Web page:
Chicago Mayor Lori Lightfoot on Tuesday denounced a recent television ad from an organization opposing Democratic Gov. J.B. Pritzker’s reelection because she said it features racist images and uses a likeness of her in which her skin appears darker than it is.
Lightfoot called the TV ad “the ultimate dog whistle being propagated in support” of GOP candidate for governor Darren Bailey, a state senator from Xenia. Speaking at an unrelated event, Lightfoot said the commercial “darkens” her skin in footage from a speech she gave earlier this year at the City Club of Chicago during which she declared, “It will be the summer of joy in Chicago.”
The 30-second ad warns in big, white lettering that “CHICAGO VIOLENCE IS COMING TO THE SUBURBS” and shows a montage of video surveillance and TV news footage of various crimes that occurred in Chicago, including a shooting near the site of Puerto Rican Day festivities in Humboldt Park in 2021.
“I don’t think there’s any dispute that I’m African American,” Lightfoot said Tuesday. “I’m Black and I’m very proud of that, so why do you need to blacken what I look like to send this ad out to suburban communities
The ad uses “the oldest racist tropes that there are” at a time when people need to come together to solve problems facing the city and the rest of the state, she said.
“To make the scary Black woman even blacker, to show scary Black men on TV and to say to the suburbs, i.e., the white people, ‘You don’t want this coming to your town, so vote for Darren Bailey,’ that is the height of racism and cynicism and we don’t need it anywhere — certainly not in our politics,” Lightfoot said.
The ad was created by the independent expenditure political action committee People Who Play By The Rules, a Florida-based PAC headed by right-wing radio host Dan Proft and funded by Richard Uihlein, the Lake Forest packaging magnate and conservative megadonor.
Since the ad debuted Aug. 15, People Who Play By The Rules has reported spending more than $1 million on TV ads in Chicago and other markets, according to state campaign finance records.
In an email Tuesday evening, Proft called Lightfoot’s racism allegation “an insane assertion” from a politician who is trying to deflect attention away from Chicago’s crime issues and denied the ad changed the tone of Lightfoot’s skin.
“We did nothing to her pigmentation just as we did nothing to pigmentation of our pasty blowhard of a governor,” Proft said in the statement. “The video of Lightfoot was pulled from the web from her City Club speech.”
Uihlein gave the PAC $8 million during the Republican primary, much of which was spent aiding Bailey by attacking the GOP credentials of Aurora Mayor Richard Irvin, one of Bailey’s top opponents in the six-man race. While the PAC is prohibited from coordinating directly with any candidate, Uihlein also gave more than $9 million directly to Bailey’s campaign.
Since the primary, the Uline packaging supplies founder has given $20 million to Proft’s committee but nothing to Bailey’s campaign, state records show.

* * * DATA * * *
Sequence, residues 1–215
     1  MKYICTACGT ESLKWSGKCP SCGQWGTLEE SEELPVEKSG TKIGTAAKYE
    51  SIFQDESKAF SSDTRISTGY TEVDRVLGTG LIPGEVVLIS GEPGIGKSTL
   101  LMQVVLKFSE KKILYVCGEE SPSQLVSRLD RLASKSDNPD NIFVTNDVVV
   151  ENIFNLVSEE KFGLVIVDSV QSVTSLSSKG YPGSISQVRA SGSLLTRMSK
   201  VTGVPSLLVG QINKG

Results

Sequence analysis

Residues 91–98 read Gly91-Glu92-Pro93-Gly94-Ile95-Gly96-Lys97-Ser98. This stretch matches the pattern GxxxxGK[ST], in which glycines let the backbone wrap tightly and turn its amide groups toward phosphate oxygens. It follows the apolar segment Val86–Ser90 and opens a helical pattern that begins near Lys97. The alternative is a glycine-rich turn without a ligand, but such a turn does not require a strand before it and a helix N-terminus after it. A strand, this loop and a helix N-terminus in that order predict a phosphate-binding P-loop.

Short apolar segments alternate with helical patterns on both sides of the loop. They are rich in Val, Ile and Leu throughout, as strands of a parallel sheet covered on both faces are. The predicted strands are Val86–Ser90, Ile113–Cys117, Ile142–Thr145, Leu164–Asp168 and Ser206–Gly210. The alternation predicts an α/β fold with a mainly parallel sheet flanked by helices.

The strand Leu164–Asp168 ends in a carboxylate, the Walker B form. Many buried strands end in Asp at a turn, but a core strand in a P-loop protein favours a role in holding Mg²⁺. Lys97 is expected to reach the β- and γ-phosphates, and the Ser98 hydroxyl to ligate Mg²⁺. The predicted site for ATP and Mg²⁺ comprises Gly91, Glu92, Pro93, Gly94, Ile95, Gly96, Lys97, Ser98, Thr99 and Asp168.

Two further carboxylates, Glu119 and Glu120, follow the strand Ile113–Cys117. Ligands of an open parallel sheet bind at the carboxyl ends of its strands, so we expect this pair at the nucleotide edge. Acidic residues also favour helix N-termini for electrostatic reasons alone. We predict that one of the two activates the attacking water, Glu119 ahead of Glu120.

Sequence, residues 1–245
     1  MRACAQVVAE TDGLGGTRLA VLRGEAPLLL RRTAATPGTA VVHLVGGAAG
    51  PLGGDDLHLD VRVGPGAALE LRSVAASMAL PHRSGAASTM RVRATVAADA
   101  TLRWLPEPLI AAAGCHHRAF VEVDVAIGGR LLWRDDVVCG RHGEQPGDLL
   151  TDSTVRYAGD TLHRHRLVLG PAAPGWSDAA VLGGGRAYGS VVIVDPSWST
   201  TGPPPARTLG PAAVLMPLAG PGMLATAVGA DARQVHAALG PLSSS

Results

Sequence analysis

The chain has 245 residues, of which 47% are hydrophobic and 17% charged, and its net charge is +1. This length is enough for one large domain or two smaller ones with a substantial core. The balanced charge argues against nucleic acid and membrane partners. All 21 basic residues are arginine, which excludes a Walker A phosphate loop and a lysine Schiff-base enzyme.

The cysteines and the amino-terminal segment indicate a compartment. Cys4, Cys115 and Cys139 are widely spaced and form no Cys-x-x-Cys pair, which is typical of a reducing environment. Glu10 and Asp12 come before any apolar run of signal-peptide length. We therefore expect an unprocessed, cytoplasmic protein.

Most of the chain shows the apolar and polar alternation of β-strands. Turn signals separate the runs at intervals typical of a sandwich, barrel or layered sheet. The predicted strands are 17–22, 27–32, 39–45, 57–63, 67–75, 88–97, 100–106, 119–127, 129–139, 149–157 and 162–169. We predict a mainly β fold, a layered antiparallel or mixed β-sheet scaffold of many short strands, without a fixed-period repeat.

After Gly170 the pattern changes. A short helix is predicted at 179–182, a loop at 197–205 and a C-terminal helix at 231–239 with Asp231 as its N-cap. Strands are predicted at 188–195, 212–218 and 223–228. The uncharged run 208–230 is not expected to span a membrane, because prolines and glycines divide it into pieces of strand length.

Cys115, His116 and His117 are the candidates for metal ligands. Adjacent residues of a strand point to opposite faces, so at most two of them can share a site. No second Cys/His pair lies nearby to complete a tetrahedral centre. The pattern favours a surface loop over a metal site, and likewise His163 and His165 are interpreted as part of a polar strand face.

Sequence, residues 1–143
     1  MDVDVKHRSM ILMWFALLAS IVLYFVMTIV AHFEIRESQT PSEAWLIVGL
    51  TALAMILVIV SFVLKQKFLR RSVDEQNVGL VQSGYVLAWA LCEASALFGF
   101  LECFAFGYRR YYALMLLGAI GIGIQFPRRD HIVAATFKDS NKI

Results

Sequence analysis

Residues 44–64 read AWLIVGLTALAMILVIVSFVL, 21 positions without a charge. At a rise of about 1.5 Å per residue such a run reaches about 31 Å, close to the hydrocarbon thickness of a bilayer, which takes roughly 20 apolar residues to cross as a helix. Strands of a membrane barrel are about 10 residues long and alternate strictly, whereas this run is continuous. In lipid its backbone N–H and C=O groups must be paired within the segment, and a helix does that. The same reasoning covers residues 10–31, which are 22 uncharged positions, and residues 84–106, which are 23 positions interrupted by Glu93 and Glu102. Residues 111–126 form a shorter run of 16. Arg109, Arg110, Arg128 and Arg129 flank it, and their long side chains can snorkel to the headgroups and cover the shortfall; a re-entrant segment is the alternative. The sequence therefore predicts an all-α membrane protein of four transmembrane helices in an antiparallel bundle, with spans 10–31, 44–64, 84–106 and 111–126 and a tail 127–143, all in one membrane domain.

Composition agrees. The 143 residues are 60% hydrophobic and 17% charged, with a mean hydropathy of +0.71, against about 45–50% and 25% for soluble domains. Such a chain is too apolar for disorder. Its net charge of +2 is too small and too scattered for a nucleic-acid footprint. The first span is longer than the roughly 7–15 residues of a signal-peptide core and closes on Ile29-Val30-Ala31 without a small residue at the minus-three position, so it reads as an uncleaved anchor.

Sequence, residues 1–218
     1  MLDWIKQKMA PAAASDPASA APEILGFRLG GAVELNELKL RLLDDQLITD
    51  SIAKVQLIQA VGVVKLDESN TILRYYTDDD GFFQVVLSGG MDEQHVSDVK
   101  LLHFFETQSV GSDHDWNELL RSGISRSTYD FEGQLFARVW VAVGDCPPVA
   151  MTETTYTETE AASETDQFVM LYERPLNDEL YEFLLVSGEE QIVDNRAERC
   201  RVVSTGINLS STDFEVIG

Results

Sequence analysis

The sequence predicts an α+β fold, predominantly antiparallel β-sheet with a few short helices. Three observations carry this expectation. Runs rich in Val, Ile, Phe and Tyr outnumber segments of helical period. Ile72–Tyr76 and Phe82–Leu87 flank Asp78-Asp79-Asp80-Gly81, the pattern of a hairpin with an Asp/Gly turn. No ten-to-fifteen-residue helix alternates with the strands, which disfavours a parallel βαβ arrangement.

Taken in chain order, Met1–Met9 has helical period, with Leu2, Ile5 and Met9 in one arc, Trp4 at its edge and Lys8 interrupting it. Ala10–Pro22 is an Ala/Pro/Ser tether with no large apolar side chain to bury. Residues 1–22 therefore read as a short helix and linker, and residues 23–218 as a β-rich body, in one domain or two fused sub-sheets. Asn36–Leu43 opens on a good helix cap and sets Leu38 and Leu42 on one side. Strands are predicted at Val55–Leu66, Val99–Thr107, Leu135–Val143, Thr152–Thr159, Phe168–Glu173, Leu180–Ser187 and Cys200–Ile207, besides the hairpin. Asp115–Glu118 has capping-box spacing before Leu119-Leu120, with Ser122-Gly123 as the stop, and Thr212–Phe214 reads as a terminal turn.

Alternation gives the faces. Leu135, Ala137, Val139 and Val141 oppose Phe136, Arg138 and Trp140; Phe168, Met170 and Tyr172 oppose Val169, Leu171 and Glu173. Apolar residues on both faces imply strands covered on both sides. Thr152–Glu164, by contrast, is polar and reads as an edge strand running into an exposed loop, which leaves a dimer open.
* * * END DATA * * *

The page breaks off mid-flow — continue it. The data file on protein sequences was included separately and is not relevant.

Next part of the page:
Despite the committee supporting Bailey’s candidacy, his campaign noted in a statement Tuesday that it has “no communication with or control” over the PAC.
Bailey spokesman Joe DeBose said Pritzker and Lightfoot have control over crime afflicting Chicago “and they should be more concerned with the people being killed and set on fire in the city.”
The ad also warns that because of Pritzker “the lawlessness of Chicago will soon be the law statewide,” a nod to a provision of the 700-page Safety, Accountability, Fairness and Equity-Today law, or SAFE-T Act, which instituted a host of criminal justice reforms in Illinois.
Proponents of the legislation say the reforms were meant to create a more equitable criminal justice system while opponents think the reforms will weaken law enforcement and embolden criminals. One provision of the SAFE-T Act that’s highlighted in the ad is a measure that puts an end to cash bail in January.
According to the ad, criminal suspects will be “set free” if they’re charged with myriad violent offenses, including kidnapping and robbery. But proponents of that provision say the ad’s claim is “patently not true.”
“The ad claims that the law will ‘set free’ people charged with offenses like kidnapping and robbery — but in fact, the law allows courts to hold people accused of those offenses in custody if they pose a flight risk,” the Chicago Appleseed Center for Fair Courts said in a statement last week.
Like other major U.S. cities, Chicago’s gun violence has increased dramatically since the start of the COVID-19 pandemic in 2020 but has seen reductions over the last year.
Through Sunday, Chicago’s 425 homicides were a 33% jump from the same period in 2019 when 319 people were slain, but the killings have dropped by 18% over the same time compared with last year, according to official Chicago police statistics. Shooting incidents with at least one victim shot fatally or nonfatally were down by 18% over last year, but up by 34% since 2019, the statistics show.
Gorner reported from Springfield.
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